My memories from childhood include getting warned by my mother  and the other older girls, not to dance like Rantanplan  and singing her lyrics was prohibited (of course I was the kid who wanted to…lol). We could dance all we want, but certain movements would earn you a zinging swat to the bottom or “konk” (knuckled knock on the head). These outlawed movements were usually hip gyrations which mimic sex. The rules relaxed the older I got and right now, I can twerk and sing about my ami’s (My friends. You know… my friends…) if I want. No one tells me what to do, because I am an adult who is expected to know better than be irresponsible, and who will be expected to deal with the consequences of her actions. Am I saying my childhood was perfect? No. Not at all. Was I free from the sexual traumas that are inflicted on young girls? Not even close But when it came to sexual matters, my mother and the female adults in my family tried to give me the best instruction and supervision they knew how to give. I already discussed how this approach saved my butt here. If your female child is looking to Beyoncé for cues on how to deal with sex or engaging in sex before she is ready, check your parenting communication style, check your supervision mechanism, check the environment (it usually takes at least two to have non masturbatory sex), and for goodness sake, talk to your child. 
 
Also, who exactly are the people engaging these young girls in “deviant” sex?!!!!!!!!! Surely they are not all going lesbian on each other…. Where are the efforts to protect young girls from the lecherous advances of careless boys and “uncles” who tend to be allowed to enjoy the full measure of their sexual capacity with nothing but slaps on the wrist?
 
 
She can’t be a feminist if she is making money and taking advantage of the capitalist society she lives in? Say the people who come to America chasing the American dream. Didn’t many of us leave our countries to languish in poverty and corruption and travel abroad seeking better lives?  Don’t we all go to school and acquire skills in order to get jobs? Many of us Cameroonian women become nurses just because we want to get the most lucrative job possible in the least amount of time and not because we have some desire for holistic medicine. Money is the motivator. Would that make any of us any less feminist? Can a woman not profit off the fruits of her talent and labor? Does anyone really think that Beyoncé doesn’t work hard at her craft? For her body and athleticism and showmanship? What has it got to do with anything that Beyoncé makes crap tons of money from her records? It’s not like she forces people to buy them. People buy because they enjoy her music.  Chimamanda Ngozie Adichie sells her books (books in which she talks openly about sex, by the way). Feminist leaders get paid to speak at events and many of them make crap tons of money off their books. Madonna is celebrated, Melissa Etheridge, Fiona Apple, they all make money off their albums Why is Beyoncé’s money such a problem? I mean, can a girl faroter up in here?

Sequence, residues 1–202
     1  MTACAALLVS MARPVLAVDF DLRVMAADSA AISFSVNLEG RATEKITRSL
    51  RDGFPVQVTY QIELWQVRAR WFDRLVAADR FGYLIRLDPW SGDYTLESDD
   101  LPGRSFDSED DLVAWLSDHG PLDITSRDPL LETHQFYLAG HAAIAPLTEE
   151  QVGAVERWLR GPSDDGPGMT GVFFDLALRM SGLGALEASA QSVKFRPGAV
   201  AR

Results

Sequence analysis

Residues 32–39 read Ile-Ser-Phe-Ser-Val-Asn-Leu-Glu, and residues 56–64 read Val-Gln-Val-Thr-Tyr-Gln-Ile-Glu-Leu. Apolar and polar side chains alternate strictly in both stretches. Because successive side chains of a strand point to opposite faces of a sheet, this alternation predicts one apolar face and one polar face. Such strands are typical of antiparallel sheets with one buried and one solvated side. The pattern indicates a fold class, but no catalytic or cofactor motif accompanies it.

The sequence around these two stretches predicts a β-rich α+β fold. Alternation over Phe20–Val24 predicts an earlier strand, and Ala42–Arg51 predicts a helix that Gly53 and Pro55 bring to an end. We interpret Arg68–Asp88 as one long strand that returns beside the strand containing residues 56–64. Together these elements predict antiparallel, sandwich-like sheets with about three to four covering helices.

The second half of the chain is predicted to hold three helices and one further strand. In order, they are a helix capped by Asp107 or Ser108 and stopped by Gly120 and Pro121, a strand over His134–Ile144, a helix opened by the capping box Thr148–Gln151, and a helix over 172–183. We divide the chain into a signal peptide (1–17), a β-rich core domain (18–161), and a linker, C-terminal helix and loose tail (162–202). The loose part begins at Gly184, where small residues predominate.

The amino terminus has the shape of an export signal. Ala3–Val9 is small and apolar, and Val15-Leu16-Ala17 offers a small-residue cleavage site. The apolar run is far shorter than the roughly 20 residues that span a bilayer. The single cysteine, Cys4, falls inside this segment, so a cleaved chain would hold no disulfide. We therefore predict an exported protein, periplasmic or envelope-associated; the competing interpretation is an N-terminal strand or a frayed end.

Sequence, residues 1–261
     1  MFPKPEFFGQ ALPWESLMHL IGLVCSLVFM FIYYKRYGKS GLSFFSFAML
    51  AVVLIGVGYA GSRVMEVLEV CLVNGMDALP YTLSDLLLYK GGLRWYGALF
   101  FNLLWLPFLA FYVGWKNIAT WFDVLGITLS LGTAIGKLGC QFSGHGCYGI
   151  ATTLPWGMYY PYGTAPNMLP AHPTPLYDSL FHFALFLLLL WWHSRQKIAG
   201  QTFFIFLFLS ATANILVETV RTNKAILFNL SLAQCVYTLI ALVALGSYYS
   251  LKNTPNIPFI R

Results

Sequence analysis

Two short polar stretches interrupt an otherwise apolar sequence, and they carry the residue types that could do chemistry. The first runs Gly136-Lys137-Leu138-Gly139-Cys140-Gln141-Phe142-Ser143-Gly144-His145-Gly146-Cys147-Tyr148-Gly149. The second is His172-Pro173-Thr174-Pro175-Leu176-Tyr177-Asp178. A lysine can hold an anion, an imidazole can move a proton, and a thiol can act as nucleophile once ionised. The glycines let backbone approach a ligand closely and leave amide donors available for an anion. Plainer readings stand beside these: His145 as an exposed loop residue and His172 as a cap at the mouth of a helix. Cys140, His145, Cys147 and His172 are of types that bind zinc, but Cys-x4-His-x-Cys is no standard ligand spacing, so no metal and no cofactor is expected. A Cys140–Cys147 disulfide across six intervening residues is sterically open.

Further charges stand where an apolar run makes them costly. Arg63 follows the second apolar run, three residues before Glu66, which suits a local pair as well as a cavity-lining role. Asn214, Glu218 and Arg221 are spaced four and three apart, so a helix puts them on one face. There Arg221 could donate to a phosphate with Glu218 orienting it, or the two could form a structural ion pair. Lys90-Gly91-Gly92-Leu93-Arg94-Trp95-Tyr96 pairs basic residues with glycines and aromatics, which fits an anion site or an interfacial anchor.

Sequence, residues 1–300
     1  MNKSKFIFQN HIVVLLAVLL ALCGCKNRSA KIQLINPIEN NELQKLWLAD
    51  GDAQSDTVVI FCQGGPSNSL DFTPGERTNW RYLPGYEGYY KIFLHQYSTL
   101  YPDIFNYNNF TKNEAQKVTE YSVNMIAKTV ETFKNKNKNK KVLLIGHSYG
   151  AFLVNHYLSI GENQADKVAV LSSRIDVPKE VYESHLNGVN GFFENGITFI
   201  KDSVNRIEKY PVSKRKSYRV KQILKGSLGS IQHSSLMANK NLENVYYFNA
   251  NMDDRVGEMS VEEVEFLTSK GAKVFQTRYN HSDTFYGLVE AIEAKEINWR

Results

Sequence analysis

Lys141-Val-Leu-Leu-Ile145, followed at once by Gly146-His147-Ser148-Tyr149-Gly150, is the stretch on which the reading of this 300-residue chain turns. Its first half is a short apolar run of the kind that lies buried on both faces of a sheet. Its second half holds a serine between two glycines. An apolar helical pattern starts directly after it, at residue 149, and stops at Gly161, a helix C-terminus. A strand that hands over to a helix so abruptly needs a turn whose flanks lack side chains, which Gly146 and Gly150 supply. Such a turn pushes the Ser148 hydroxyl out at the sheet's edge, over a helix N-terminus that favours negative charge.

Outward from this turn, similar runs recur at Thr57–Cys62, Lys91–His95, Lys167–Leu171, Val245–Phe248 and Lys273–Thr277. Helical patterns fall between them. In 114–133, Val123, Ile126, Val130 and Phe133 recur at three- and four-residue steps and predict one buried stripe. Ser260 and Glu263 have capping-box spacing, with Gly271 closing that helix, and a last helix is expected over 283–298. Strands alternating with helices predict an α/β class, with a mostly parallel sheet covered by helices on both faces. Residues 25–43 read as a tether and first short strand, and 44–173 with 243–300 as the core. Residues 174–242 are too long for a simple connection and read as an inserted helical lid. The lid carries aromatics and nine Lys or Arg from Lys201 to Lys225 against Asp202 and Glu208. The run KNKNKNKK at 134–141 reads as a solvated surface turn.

There certainly are bit and pieces of lyrics in some songs which I found questionable (Eat the cake, AnnaMae) and her Monica Lewinsky bit was unfair to Monica Lewinsky but then Monica herself is not above profiting of the scandal is she? 
 
The point is, but a for a few hiccups, Beyoncé produced an album which loudly and boldly celebrates womanhood in one of the many ways in which womanhood and the human condition in general can be celebrated – music. To question the sincerity of her desire to see women advance as a whole because she does so showing skin and talking openly about sex, is short sighted, petty and quite honestly hypocritical. I love to read and my education is such that I can enjoy a wide variety of feminist writing and engage in intellectual discussions. Many women do not have the education that I have been lucky to have or the capacity to engage in deep conceptual thought. For many of the them, the only voice they’ll ever hear that broaches feminist message is that of artists like Beyoncé’s (just as for many black men voices like Tupac and other socially conscious rappers are the only ones which speak the message of black empowerment). In the same way, for many Cameroonian women, singers like Annie Anzouer, Ruth Nkoto, Bebe Manga, Chantal Ayisi, Nguea La Route or Rantanplan and the other female singers, were the ones who talked about issues that women faced, like sex, spousal abuse, infidelity, childlessness and being disempowered. A highly intellectual discussion of Sita Bella’s importance to the Cameroonian feminist movement is likely not going to resonate as deeply with them as a simple lyric.
 
I’m not a member of the Beygency, a drone in the Bee-hive and I’m not a Bey-stan. I haven’t really paid her career more than the token attention. I just really liked that she put out an album which actually had quite a bit to say. She seems to be following it up with sincere efforts to spread the women empowerment message. She wrote a piece about pay equality (Or attached her name to it, which cares? It’s short enough she conceivably could have thought out loud and had an assistant transcribe) and threw her weight behind the Ban Bossy campaign, which tries to encourage leadership in young girls. She seems to be trying to be more than a pretty face and a hot body, to want to do something positive.  Who are the people telling her to shut up because she is just a pretty face and a hot body who apparently doesn’t fit the mould of what a feminist looks like?
 
I mean seriously.
 
I’d pull a Chris Brown and talk about women and loyalty, but that might get my feminism questioned.
Update:
(May 2016)
I wrote this 2 years ago. I have changed position since then. I am currently state rep of the BeyHive for my state. I. Will. Fight. You.